The Church Commissioners for England has published a report on its overall sustainability strategy for the real assets portfolio.
“We recognise the importance of sustainability in our Real Assets portfolio – both for the portfolio itself, and also as a representation of who we are as responsible investors,” said Paul Jaffe, Head of Sustainability for Real Assets, Church Commissioners for England. “This report demonstrates our approach to sustainability and shows how that translates into action on the ground.”
The portfolio covers a diverse range of assets – farmland, forestry, development land, built environment and infrastructure – totalling over £2.5bn in value. Reflecting the commitment to collaboration and engagement, the Commissioners’ team visited more than half of the farms in the portfolio, and met with tenants to discuss their businesses and environmental aspirations, and identify potential future initiatives.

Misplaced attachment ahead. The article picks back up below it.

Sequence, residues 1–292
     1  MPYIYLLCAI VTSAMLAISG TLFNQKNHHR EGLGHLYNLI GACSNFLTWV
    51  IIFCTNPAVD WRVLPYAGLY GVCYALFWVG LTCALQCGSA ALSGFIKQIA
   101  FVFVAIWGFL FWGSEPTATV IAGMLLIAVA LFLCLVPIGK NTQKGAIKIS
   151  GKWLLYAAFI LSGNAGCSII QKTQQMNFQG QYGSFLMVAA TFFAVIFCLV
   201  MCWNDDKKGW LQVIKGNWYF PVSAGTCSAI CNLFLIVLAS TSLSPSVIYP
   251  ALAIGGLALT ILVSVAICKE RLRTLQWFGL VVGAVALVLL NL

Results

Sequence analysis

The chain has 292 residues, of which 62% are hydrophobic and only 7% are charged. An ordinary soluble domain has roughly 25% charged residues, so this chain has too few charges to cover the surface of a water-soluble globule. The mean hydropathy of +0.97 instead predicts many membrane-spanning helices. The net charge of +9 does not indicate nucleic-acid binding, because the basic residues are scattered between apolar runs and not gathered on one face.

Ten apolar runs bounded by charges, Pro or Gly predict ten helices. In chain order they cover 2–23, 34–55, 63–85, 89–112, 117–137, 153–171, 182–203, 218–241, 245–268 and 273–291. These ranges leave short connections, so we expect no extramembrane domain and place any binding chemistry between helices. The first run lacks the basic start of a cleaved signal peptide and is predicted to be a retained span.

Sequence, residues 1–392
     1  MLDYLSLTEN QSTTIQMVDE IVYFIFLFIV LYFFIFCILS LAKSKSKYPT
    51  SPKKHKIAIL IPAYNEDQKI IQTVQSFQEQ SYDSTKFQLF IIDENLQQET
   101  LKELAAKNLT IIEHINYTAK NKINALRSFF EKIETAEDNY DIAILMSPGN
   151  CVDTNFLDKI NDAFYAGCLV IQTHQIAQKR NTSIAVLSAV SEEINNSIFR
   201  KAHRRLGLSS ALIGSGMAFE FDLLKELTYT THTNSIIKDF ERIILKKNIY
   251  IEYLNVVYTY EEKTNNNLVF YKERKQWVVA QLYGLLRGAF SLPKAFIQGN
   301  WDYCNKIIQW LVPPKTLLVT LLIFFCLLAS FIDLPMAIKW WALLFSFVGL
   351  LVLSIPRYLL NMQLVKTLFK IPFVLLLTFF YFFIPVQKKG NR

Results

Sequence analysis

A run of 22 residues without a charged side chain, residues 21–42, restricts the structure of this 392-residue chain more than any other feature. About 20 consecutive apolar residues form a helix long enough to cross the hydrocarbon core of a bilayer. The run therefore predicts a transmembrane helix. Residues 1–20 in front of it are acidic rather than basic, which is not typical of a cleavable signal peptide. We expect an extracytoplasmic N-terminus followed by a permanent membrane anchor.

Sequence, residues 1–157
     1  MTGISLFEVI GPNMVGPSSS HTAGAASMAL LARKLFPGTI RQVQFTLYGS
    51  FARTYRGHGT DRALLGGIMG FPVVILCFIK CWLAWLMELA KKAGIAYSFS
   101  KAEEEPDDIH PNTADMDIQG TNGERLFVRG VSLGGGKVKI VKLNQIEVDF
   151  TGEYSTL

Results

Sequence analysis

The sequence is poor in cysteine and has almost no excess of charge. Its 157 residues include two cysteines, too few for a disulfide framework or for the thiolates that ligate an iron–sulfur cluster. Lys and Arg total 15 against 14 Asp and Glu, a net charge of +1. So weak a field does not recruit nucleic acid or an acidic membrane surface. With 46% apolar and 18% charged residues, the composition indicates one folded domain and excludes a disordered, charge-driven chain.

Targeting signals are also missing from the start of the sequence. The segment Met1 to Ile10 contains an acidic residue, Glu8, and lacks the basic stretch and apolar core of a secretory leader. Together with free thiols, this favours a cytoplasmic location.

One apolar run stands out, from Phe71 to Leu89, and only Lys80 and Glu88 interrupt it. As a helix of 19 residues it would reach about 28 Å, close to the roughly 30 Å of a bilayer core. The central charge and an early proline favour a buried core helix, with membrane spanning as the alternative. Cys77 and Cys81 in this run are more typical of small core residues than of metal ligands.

The report outlines the strategic framework in approaching sustainability, lists key challenges, estimates current emissions, and gives examples of recent initiatives and next steps.
The Church Commissioners calculated that land and built environment investments are absorbing or avoiding more greenhouse gases than they are emitting. Farmland is the highest emitter, while sustainable forestry absorbs high levels of carbon. Infrastructure investments, which focus predominantly on green energy, are helping to avoid emissions and support the transition to a low carbon economy.
Sustainability is core to the Church Commissioners' approach.
In 2022, all of the Church Commissioners’ forestry investments were certified as sustainable. More than 12 million trees were planted in the last five years, doubling the area of native woodland across the Church Commissioners’ forests in the UK. Meanwhile, over £250 million has been committed to green infrastructure and social impact initiatives.
The report also notes the Church Commissioners’ ability to deliver around 30,000 new homes in England from its development land, of which roughly 9,000 will be affordable. This means the Church Commissioners has one of the largest strategic land portfolios of any private institutional landowner.